Rush Limbaugh celebrated his 25th year of his game-changing nationally syndicated radio program this past week. As The Right Frequency explains, talk radio did not start with Limbaugh, but he did revolutionize it — creating a commercially successful model that spawned an industry and in turn created an alternative media. Below is an excerpt from The Right Frequency on Limbaugh, the only host to get his own chapter in the book.
Just before the 1992 presidential election, Time magazine asked Rush Limbaugh,
“You’re unabashedly for Bush and against Clinton.
Given 13 million devoted listeners, why is your guy 15 points behind?”
Limbaugh’s answer: “I don’t say that I have influence. I was totally opposed to the 1990 budget deal, and it still happened. I’m not an activist. I do not give out congressional phone numbers. I do not urge behavior. No tea bags. This is entertainment. And in strict marketing terms, does it hurt me to be the only guy not making Dan Quayle jokes?”
Rush Limbaugh has no influence. Tell that to the Democrats in 1994 who lost their seats en masse in the Republican Revolution that was dubbed the Limbaugh Congress. Tell that to the new majority swept in that year that made Limbaugh an honorary member of their freshman class. Tell that to President Bill Clinton who had public fits during his administration over Limbaugh’s commentary.
For that matter, tell it to the Obama White House who made it their strategy in early 2009 to call Limbaugh the leader of the Republican Party, a strategy that did nothing to help Obama against the GOP (which was the intent) but tremendously boosted Limbaugh’s audience and influence.
To be sure, he does not have unlimited political power. His legions of “ditto-heads” are not mind numb robots marching in lockstep. This is evident during the presidential primary season when callers, who insist they agree with Limbaugh 99 percent of the time, wanted to know why he is so down on Pat Buchanan (1996), John McCain (2000 and 2008), Mike Huckabee (2008) and Mitt Romney (2012) and other GOP hopefuls over the years. The “ditto-heads” are
in fact folks who had long sought an advocate who would not mock the views they already held. They found that in Limbaugh.
A month after Republicans faced a beating in the 1992 election, sweeping Bill Clinton into the White House, none other than former President Ronald Reagan wrote a letter to Limbaugh. “Now that I’ve retired from active politics, I don’t mind that you’ve become the number one voice for conservatism.” A remarkable statement from the politician Rush would go on to call Ronaldous Maximus.
Reagan’s December 1992 letter went on to say, “I know the liberals call you ‘the most dangerous man in America,’ but don’t worry about it, they used to say the same about me. Keep up the good work.”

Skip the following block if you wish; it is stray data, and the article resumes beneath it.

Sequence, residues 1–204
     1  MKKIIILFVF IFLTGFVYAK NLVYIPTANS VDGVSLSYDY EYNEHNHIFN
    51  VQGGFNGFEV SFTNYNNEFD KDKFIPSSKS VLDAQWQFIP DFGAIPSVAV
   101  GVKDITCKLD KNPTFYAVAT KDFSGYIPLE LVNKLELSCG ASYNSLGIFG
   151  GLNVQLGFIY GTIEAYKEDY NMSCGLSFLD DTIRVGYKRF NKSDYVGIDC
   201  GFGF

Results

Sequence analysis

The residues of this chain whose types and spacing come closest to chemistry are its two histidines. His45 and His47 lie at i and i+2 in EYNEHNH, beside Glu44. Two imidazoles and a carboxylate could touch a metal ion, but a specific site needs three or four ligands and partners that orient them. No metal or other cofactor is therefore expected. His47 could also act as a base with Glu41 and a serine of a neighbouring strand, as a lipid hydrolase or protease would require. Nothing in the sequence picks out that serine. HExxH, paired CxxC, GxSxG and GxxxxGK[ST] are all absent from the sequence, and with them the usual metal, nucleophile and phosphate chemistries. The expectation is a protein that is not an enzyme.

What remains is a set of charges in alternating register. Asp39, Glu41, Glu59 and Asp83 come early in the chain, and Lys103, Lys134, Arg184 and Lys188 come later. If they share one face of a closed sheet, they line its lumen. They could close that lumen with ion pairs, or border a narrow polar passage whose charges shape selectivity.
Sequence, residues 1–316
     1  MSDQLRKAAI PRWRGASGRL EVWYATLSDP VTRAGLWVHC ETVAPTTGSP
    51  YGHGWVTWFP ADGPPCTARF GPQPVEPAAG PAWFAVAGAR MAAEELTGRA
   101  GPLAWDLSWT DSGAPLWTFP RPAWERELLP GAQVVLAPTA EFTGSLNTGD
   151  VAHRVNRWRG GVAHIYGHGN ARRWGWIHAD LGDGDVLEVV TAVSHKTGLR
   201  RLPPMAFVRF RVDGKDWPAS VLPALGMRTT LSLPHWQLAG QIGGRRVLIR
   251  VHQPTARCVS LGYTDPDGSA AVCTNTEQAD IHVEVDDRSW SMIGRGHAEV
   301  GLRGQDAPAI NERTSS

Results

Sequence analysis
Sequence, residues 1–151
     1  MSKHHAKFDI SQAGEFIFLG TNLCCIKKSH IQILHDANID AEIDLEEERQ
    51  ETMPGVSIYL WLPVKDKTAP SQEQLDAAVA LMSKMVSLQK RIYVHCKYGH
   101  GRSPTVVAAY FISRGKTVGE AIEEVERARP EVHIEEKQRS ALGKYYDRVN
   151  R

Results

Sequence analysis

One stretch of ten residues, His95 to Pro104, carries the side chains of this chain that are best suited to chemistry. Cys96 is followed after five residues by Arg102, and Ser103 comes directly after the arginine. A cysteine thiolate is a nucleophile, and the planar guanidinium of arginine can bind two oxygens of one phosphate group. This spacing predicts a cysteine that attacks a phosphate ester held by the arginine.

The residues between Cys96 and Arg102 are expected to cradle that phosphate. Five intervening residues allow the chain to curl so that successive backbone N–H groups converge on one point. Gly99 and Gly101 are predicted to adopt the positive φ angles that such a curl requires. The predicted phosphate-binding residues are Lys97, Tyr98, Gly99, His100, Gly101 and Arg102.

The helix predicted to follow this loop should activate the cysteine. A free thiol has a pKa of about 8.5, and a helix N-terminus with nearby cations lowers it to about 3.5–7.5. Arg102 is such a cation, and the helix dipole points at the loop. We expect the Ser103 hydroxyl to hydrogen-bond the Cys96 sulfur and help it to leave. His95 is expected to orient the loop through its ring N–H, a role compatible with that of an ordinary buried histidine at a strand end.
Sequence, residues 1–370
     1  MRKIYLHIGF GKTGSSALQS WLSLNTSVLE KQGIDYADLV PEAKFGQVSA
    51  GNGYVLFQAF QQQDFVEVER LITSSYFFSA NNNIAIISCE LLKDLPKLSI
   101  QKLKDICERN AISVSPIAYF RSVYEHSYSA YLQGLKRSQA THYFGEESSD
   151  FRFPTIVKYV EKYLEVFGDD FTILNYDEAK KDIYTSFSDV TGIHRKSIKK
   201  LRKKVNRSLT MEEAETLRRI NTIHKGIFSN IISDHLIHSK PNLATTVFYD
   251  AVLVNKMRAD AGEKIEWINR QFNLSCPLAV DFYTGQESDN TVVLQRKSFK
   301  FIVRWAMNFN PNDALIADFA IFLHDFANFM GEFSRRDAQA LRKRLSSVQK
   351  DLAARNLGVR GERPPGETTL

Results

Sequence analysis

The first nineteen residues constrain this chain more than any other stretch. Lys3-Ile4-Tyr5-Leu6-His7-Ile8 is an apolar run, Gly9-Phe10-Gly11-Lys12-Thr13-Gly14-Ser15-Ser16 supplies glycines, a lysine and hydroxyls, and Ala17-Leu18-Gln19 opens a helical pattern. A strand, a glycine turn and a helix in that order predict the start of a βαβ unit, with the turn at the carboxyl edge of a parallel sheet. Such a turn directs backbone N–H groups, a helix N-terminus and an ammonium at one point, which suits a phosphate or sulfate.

While the left tries to dismiss him, the industry does not, as few people are more decorated than Limbaugh. He was inducted into the National Radio Hall of Fame in 1993, often times a lifetime achievement that comes toward the end of a host’s career. Rush was just getting started then. He won a Marconi Award in 1992, 1995, 2000 and 2005, given by the National Association of Broadcasters to
the top radio personality. Reflecting his role as a leader in the conservative movement, in March 2007 he accept the inaugural William F. Buckley Jr. Award for Media Excellence, given by the Media Research Center.
Simply put, according to Talkers Magazine, the industry bible, “Rush Limbaugh is the greatest radio talk show host of all time.”
He has not prevented Democrats from ever getting elected again. Nor has he controlled the Republican nomination process—obvious in the 2008 choice of McCain as the GOP standard bearer.
He was no cheerleader for Mitt Romney during the 2012 primary either. But he has become in many ways, if not the leader, the inspiration of the conservative movement.
The left has continually gone after him, seeking advertising boycotts, and accusations of various forms of bigotry. The left, which is often so aghast at casting moral judgment, has repeatedly pounced on Limbaugh for his being divorced three time and married four— paying the gay entertainer Sir Elton John $1 million to perform at his most recent wedding. He was married the first time for 18 months; the second time for five years, the third time for 10 years.
He married Kathryn Rogers in the summer of 2010. Though virtually every bad adjective imaginable has been used to describe him, Limbaugh has contributed millions from his own pocket and raised hundreds of millions for leukemia research. Rush Limbaugh has been a transformative figure in the political, media and entertainment universe.
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